Wilf, do yourself a favor, go to a doctor and get a lab to do an ova &
parasite examination. I went through this picture thing with someone
this spring, and it's a nightmare. Your pictures don't look like
anything I've ever seen, and I've been doing O&P's for 26 years now.
All CAP accredited laboratories have to do check samples for these exams
which include exotic parasites from around the world, and if the labs
don't pass the proficiencies, they cannot perform the testing! Give us
some credit. The docs may kiss it off, but the techs know when they see
If you don't get anywhere with a family doc, go to an infectious disease
specialist (for parasites). That's what they deal with. A
gastroenterologist would be the choice for non-parasitological problems
with your GI tract.
Without measurements (using a micrometer) no one can really help you out
much, as we base our ID's on measurements.
Persistence can pay off, though, as my spring-time correspondent did end
up presenting with a parasite. He took some purgatives from a Chinese
pharmacist (herbal) and they let go, apparently (pretty gross). It was a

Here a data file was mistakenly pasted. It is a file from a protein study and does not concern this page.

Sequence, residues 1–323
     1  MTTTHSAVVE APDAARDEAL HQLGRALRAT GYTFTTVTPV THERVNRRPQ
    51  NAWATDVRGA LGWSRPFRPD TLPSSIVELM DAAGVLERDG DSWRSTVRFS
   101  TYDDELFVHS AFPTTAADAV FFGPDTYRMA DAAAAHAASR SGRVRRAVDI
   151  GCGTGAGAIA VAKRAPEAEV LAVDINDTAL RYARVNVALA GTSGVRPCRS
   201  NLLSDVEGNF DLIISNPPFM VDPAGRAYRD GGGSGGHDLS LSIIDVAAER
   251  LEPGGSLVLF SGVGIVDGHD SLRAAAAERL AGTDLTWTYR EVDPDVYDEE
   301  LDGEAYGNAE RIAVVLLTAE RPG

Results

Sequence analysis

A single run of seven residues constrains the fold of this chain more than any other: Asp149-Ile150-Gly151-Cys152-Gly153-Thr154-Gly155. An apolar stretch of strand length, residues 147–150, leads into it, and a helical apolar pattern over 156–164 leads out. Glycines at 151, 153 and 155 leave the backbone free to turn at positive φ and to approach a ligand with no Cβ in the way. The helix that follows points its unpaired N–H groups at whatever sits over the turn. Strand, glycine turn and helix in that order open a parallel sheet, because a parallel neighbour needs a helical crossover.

type of parasite that didn't produce eggs, so nothing was showing up in
the O&P exams. He had been traveling world-wide so there was a
suspicion there. If you haven't traveled outside the U.S. or eaten raw
fish, the list of parasites shortens quite a bit. Giardia lamblia,
acquired from bad water, is the most common parasite found in the U.S.
Ascaris, Strongyloides, etc. can be found also, but not nearly as often
Check out some parasite web sites:
These should keep you busy.
Judy Dilworth, M.T. (ASCP)
Wilf Russell wrote:
>> > I have some digital images taken via a microscope of a stool sample
> > that appears to contain some parasite eggs.
> > I realize that the canonical answer would be to visit a doctor, get a
> > stool sample, and send it to a lab for diagnosis but that option is
> > currently not available to me.